Super User is a question and answer site for computer enthusiasts and power users. Join them; it only takes a minute:

Sign up
Here's how it works:
  1. Anybody can ask a question
  2. Anybody can answer
  3. The best answers are voted up and rise to the top

I have custom domains set up for internal web site testing in my /etc/hosts file.

I try to access them in Chrome, and I get routed to a Google search instead. But when I ping the domains, they show that they are working.

What should I do to make sure I can access these sites in Chrome?

share|improve this question

You can just throw an http:// in front of your local address; that worked for me.

share|improve this answer
    
This should do it. By declaring the http:// protocol up front Chrome should assume you know what you're doing and just try the address as given instead of trying to be helpful. – BowlesCR Jan 29 '14 at 18:22
    
Doesn't worked for me. The Chome just writes «Couldn't retrieve URL», although plain ping there works like a charm. – Hi-Angel Sep 30 '14 at 12:26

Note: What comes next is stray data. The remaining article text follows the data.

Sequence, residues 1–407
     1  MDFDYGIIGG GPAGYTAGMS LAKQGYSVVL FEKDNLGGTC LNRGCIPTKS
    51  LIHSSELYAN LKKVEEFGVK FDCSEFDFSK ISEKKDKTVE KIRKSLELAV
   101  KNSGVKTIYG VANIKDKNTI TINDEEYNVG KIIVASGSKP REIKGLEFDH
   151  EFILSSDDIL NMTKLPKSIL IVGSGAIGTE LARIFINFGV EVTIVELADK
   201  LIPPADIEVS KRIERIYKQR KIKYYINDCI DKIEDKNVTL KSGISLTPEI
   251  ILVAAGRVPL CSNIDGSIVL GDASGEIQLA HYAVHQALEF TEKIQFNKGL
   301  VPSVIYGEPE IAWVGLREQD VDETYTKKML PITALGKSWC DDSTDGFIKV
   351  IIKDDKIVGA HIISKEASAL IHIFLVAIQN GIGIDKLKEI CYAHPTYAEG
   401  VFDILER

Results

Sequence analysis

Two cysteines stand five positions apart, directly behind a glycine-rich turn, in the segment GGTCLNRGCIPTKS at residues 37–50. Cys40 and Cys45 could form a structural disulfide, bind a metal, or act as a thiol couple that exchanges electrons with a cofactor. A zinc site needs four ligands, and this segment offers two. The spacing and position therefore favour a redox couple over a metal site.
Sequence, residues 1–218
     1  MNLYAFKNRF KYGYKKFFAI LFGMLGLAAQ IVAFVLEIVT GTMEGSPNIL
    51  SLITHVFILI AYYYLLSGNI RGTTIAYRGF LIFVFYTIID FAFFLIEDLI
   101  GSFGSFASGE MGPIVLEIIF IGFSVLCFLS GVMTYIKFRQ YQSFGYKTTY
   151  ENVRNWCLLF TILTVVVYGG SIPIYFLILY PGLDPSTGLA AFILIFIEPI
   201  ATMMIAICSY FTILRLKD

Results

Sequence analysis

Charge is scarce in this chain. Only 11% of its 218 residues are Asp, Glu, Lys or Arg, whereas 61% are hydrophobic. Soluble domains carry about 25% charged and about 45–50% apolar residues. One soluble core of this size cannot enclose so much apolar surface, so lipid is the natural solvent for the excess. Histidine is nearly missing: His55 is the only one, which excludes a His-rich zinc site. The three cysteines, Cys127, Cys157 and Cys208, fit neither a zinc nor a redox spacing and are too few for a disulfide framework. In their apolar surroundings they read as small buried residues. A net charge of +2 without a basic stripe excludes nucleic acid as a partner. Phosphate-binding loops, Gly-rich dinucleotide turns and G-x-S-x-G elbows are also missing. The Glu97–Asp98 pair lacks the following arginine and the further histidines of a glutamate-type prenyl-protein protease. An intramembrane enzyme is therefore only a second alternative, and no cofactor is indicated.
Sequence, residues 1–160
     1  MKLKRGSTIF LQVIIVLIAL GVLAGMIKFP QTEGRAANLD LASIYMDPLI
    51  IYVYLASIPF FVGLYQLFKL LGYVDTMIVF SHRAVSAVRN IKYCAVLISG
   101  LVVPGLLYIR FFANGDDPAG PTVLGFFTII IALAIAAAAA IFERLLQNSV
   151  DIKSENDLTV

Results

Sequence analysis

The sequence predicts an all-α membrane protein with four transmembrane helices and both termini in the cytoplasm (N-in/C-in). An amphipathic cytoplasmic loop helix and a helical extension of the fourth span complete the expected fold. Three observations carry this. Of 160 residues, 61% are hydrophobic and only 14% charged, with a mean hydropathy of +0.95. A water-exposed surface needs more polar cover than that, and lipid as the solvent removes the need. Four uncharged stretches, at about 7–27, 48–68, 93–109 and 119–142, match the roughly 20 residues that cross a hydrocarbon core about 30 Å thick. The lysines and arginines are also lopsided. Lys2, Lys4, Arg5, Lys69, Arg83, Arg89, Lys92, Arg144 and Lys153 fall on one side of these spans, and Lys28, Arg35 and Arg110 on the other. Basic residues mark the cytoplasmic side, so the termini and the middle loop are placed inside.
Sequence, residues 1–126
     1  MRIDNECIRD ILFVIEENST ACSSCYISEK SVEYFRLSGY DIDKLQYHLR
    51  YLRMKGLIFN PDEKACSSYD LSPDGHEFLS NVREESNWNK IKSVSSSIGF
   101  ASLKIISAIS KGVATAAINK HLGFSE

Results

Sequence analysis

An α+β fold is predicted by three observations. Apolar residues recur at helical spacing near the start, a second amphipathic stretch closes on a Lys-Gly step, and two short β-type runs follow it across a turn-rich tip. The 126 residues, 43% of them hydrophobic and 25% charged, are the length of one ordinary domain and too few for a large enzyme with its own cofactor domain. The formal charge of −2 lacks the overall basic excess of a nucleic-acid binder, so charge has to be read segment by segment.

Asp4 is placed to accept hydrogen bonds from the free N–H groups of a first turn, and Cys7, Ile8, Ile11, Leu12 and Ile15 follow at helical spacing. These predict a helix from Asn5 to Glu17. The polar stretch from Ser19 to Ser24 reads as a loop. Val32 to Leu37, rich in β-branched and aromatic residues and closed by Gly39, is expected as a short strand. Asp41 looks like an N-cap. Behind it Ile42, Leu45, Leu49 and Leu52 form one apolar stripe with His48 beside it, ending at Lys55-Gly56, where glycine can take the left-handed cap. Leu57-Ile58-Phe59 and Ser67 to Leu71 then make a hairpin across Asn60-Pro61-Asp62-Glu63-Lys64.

Disable "Use a web service to help resolve navigation errors" in Chrome's Settings under Privacy. Try flushing Chrome's cache after disabling this and see if it works then.

share|improve this answer
1  
This is a less-optimal way of solving it. Without http:// in front of the domain, Chrome may assume that you've made a "navigation error" / lazy search. With http:// it shouldn't argue. – BowlesCR Jan 29 '14 at 18:20

As the answer in stackoverflow, the solution for me was adding ::1 in /etc/hosts like:

127.0.0.1 foo.domain.local
::1 foo.domain.local
share|improve this answer
    
This really shouldn't affect the situation unless you're trying to override the domain name of a real site that happens to be IPv6 enabled and point it back to your local machine. – BowlesCR Jan 29 '14 at 18:21

just use the domains like so http://localstite.dev/ .

It's the "/" at the end to resolve the host...

share|improve this answer

In /etc/hosts list them like this:

192.168.0.4 foo.localdomain

Now when you type foo.domain in the address bar it will still return search results but you should see a bar asking you if you meant to go to foo.localdomain instead.

Strangely once I had got Chrome to do this once it started doing it for single host names in /etc/hosts but I had to use the host.domain form first.

share|improve this answer
    
I don't even get that bar. It's a fully-qualified domain name too. – psion Aug 17 '12 at 3:43

You must log in to answer this question.

Not the answer you're looking for? Browse other questions tagged .